“Video killed the radio star” and now it’s their turn on the chopping block as online and streaming services comes after television. Television as we know it is dying and we as viewers are helping to kill it. And the television networks know it.
Before the creation and growth of digital streaming services, if a person wanted to watch a television show, they actually had to sit down in the living or entertainment room in front of the television and watch it from there.
Now, most of the major networks such as The CW, Fox Broadcasting Company (FOX), American Broadcasting Channel (ABC) and Turner Network Television (TNT) all have apps that users can download onto a smart device in order to watch the shows created and produced by those networks.
Netflix, Hulu, Amazon, Crunchyroll and even YouTube offer the ability to sign up for television now. However, television and streaming doesn’t have to be mutually exclusive.
Let’s rephrase that earlier comment. The medium of television isn’t dying: the way people tune in and watch is. More people are utilizing mobile devices such as smartphones and tablets for streaming content as a matter of personal convenience.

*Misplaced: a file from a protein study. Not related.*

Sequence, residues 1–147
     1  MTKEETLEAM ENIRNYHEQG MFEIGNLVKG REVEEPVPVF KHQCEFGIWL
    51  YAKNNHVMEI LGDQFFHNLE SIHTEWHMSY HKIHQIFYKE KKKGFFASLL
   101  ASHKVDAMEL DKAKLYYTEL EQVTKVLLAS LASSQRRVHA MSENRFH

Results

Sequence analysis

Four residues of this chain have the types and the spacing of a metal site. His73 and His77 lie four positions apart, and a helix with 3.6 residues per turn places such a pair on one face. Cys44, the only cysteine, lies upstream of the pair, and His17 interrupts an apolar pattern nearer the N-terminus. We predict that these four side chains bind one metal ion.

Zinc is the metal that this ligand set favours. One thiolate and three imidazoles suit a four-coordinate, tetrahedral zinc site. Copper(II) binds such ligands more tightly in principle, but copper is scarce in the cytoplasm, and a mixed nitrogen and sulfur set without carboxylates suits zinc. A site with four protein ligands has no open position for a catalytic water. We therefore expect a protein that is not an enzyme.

According to a 2017 Accenture survey, only 23 percent of people globally preferred watching television on a television set, which is a 55 percent decrease from just the year before. More people would rather watch a show on their computer, phone or tablet than a larger screen mounted on the wall.
These people have become known to the industry as “cord-cutters,” meaning they are people who have canceled their cable television or satellite subscriptions, or “cord-nevers,” meaning people who never had a subscription in the first place. This doesn’t mean that they never want to watch television, they simply prefer watching their shows via the use of a digital streaming service.
These digital streaming services also know their viewers better than broadcast television networks.
A video streaming platform such as YouTube or Netflix can take the information about the shows that a user has previously watched or added to a playlist. This gives the user recommendations of other shows to check out on the platform based on this watch history as opposed to just checking TV Guide for something that sounds interesting. This results in users more likely to return to that platform and continue using it, as opposed to just checking TV Guide for something that sounds interesting.
Television is dying, but not the way we think it is. The medium itself does not seem to be going anywhere as a form of entertainment. However, the image of a family gathering around on the couch to enjoy a show together has given way to the mobile and more individually tailored viewing experience.
Carlee Jo Blumenthal
Frank Okay for SUU News